> run common commands on any system in the data center by clicking on a web
    > page. It was used for first level system check before escalation. It
    > used secure shell from a trusted host, and some of the commands needed to
    > be run as root (vxdisk list, for example). The only way that this can be
    > done safely, is to define a finite set of commands that they will use, and
    > build forms that allow options by selection ONLY. Never an input field.
    >
    > The cgi scripts that run these commands must have rigid checks of the fields
    > that they are passed. Even though they were hard coded in the forms, users
    > could figure out which cgi scripts are being called and try to pass them
    > commands directly.


    This is more what I thought you are supposed to do with CGI - rigidly
    check all fields passed to the form - the person who builds the form
    specifies a set of *acceptable* parameters, and anything that does not
    fall in the defined set gets ignored, calls an error routine, etc. In
    other words, all form element are equally not secure.

    Please correct me if I am making any incorrect assumptions.

    thanks - keith
     
    ko, Oct 3, 2003
    #10
  11. On Fri, 3 Oct 2003, ko wrote:

    > I have a question about whether an input field is any more secure than a
    > pull-down list/checkbox.


    I have an answer, and it would be on-topic for
    comp.infosystems.www.authoring.cgi because there's nothing
    Perl-specific in it...

    > Even though the form is hard-coded can't
    > aynyone submit pretty much anything they want, for example with LWP?


    Correct.

    [...]
    > Please correct me if I am making any incorrect assumptions.


    About the appropriate group to post to, see above.

    About the topic, see Lincoln Stein's web security FAQ.

    But basically, as to content you seem to be on the right lines.
     
    Alan J. Flavell, Oct 3, 2003
    #11
  12. Nick

    ko Guest

    Alan J. Flavell wrote:

    > On Fri, 3 Oct 2003, ko wrote:
    >
    >
    >>I have a question about whether an input field is any more secure than a
    >>pull-down list/checkbox.

    >
    >
    > I have an answer, and it would be on-topic for
    > comp.infosystems.www.authoring.cgi because there's nothing
    > Perl-specific in it...
    >


    [snip]

    >
    >>Please correct me if I am making any incorrect assumptions.

    >
    >
    > About the appropriate group to post to, see above.
    >
    > About the topic, see Lincoln Stein's web security FAQ.


    Thanks for the advice, I've already read the FAQ. I guess my overly
    subtle (bad) attempt to give the OP a hint that he should check *all*
    form element parameters should have been posed as statements rather than
    questions.

    And actually, a little over a year ago you were generous enough to help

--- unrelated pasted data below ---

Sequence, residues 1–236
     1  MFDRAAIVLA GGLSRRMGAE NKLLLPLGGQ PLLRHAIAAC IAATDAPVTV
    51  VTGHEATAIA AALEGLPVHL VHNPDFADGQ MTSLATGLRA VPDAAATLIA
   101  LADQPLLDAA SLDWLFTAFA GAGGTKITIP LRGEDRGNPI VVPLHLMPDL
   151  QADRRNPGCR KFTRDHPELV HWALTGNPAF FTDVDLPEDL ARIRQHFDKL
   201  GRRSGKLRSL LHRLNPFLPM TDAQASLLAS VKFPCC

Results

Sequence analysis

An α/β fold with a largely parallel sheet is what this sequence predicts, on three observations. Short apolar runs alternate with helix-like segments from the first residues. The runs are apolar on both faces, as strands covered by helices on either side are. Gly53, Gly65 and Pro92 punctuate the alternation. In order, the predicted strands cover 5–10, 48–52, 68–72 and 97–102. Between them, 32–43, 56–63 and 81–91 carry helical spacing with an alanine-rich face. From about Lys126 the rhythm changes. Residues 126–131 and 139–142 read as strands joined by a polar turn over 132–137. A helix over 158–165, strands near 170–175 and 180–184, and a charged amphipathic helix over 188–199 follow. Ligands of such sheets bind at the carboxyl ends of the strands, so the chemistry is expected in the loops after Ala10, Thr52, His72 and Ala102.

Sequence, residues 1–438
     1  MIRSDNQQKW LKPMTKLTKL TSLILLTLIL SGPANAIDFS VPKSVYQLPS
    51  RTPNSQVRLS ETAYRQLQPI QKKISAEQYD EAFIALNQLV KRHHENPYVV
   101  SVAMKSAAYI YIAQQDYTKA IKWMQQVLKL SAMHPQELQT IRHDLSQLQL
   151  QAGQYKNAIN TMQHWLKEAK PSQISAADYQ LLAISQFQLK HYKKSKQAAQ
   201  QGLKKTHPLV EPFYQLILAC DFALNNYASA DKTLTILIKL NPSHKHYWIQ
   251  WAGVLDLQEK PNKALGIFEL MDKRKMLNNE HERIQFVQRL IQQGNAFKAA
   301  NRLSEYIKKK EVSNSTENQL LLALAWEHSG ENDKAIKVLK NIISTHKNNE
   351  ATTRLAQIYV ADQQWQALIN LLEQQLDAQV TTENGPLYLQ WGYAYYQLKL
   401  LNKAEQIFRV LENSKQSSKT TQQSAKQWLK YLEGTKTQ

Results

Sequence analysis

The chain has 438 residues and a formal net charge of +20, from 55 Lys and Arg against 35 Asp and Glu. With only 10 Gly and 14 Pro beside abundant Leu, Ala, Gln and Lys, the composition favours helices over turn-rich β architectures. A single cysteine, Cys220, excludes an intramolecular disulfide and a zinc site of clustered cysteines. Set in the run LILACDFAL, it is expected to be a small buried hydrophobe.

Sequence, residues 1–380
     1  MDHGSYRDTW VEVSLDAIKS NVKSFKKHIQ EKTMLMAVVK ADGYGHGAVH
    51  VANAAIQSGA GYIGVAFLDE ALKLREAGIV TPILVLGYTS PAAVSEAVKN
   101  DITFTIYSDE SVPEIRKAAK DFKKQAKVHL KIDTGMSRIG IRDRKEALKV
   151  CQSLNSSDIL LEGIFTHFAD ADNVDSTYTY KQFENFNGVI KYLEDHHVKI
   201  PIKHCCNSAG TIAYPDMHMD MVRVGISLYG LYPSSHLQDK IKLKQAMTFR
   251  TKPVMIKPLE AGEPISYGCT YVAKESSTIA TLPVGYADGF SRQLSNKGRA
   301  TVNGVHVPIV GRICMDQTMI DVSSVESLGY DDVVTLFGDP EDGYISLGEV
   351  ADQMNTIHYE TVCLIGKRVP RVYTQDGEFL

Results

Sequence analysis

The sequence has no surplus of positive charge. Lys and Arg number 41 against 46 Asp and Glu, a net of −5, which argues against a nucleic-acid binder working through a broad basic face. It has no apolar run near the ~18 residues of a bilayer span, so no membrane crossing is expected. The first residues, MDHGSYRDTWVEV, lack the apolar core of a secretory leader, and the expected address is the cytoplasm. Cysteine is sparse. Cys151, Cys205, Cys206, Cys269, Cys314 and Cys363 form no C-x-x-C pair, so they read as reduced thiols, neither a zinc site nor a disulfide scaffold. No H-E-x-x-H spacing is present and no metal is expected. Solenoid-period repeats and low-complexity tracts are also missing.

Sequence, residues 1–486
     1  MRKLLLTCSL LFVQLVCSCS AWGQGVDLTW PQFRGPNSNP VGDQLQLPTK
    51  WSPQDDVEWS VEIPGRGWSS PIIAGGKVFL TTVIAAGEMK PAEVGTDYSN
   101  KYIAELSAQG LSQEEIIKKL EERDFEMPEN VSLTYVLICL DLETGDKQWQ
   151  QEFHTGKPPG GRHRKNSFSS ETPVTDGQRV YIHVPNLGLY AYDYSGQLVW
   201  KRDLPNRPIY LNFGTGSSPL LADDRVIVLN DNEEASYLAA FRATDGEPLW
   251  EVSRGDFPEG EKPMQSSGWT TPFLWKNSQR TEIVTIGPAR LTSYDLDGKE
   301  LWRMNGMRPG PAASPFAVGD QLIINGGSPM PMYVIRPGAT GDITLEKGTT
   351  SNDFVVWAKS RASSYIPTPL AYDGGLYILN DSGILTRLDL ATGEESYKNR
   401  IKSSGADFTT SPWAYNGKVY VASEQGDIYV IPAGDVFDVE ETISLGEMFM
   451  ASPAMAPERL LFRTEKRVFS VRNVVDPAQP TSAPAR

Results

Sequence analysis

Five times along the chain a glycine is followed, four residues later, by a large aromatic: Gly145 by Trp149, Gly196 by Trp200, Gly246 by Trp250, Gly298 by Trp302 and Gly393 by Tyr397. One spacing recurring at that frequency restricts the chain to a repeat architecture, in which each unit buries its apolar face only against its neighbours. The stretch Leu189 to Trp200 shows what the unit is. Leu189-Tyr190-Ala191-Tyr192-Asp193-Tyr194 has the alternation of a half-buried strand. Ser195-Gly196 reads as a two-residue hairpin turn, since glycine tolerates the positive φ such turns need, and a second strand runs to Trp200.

me when I was writing my "First CGI script". Although I admit at least I
    posted snippets of code :)
     
    ko, Oct 3, 2003
    #12
  13. Nick

    Bill Guest

    ko <> wrote in message news:<bljf8i$bg1$>...
    > Phil Meyer wrote:
    >


    > I have a question about whether an input field is any more secure than a
    > pull-down list/checkbox. Even though the form is hard-coded can't
    > aynyone submit pretty much anything they want, for example with LWP?
    >
    > > Collecting process accounting for individual accounts is MUCH safer than
    > > trying to figure out which IP was connected to the web server at the time
    > > of the 'problem'.
    > >


    (OT)

    Linux has Webmin to do all that you are asking in its CGI 'shell'
    feature:

    http://www.webmin.com

    --and I think that some of their code can be adapted to do what you
    want.

    However, this is not really Perl, and, I think allowing anyone out
    there on the Web to use either Webmin or your equivalent of an
    arbitrary command line is __very very__ unwise. IMHO, Webmin is best
    confined _behind_ a firewall.
     
    Bill, Oct 3, 2003
    #13
  14. Nick

    Nick Guest

    Thanks for all your comments. I will definitely look into all the
    possibilities before I commit to anything, everyone has given me a lot
    to look into. Even though there will be someone that reviews and
    corrects any flaws in my CGI script (that person just doesn't have the
    time right now to write the script so I thought I would try it and
    learn a little Perl in the meantime) I will study up on some Perl
    before I attempt to jump into this. A friend gave me a Perl book to
    read, so I will study up on that and then come back with some more
    questions.

    Thanks,
    Nick
     
    Nick, Oct 3, 2003
    #14
  15. Nick <> wrote:

    > A friend gave me a Perl book to
    > read



    Which one?

    There are lots of poor Perl books.

    Tell us which one you have, and we'll tell you if it's good or not.


    --
    Tad McClellan SGML consulting
    Perl programming
    Fort Worth, Texas
     
    Tad McClellan, Oct 3, 2003
    #15